Depending on the car's specification, the centre console can also house controls for the heated steering wheel and heated and ventilated front seats, in addition to the drive mode selector, auto handbrake hold and parking sensors. A seven- or eight-inch (depending on equipment grade) freestanding touchscreen display is well placed so that you don't have to glance too far from the road to see it. Hyundai will also offer a head-up display.

Driving it:

Our first drive in the Hyundai Kona Electric was in the more powerful 64kWh model, which has a power output of 204hp and a healthy 395Nm of torque, which, being electric, is available from the off. With its sportier drive mode engaged, it feels faster than the 7.6-second dash to 100km/h from rest would suggest, and that zip from 20-50km/h makes it feel very agile in traffic. Adding to that is balanced handling thanks to the car's lower centre of gravity thanks to the battery's positioning beneath the cabin floor. Despite being only front-wheel drive, the Kona lays its power down smoothly, and it's just when you attempt maximum power delivery from a stop does it hint at some torque steer.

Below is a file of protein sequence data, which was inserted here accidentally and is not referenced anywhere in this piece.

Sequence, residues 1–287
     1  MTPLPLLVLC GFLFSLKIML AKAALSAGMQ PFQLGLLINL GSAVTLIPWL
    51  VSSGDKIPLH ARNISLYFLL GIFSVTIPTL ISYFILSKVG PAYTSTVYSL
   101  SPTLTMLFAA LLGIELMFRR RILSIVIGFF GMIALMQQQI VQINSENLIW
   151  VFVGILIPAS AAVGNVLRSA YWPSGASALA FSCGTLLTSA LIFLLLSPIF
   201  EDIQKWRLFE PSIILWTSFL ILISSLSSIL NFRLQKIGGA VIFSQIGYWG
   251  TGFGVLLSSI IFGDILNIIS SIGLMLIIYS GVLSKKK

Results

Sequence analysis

There's little need to use the car's sport setting though, as the standard mode provides more than adequate levels of performance and helps prolong battery life. For those looking to eke every last kilometre out of it, there's an Eco+ mode. As is the norm with electric vehicles, the Kona Electric offers different stages of energy recuperation when you lift off the throttle. You can opt to coast or freewheel, and it does this reasonably well. From then you can change between three stages of regen via the small paddles on the back of the multifunction steering wheel. Hyundai claims to offer 'one pedal driving' with the Kona, much like Nissan does with the Leaf, however, in the Kona it is reliant on you using and holding the left paddle in to initiate the maximum regen with a deceleration force of up to 0.25g. It works in much the same way as the Leaf, but we feel its naming is a little disingenuous, as it's more 'one pedal and paddle' driving. The Kona also has a Smart Regenerative System that uses the radar sensor to monitor the road traffic ahead to control the regenerative braking automatically.

On the whole, the Kona Electric drives very well and with a full charge is capable of delivering the kind of ranges that EV buyers have long desired.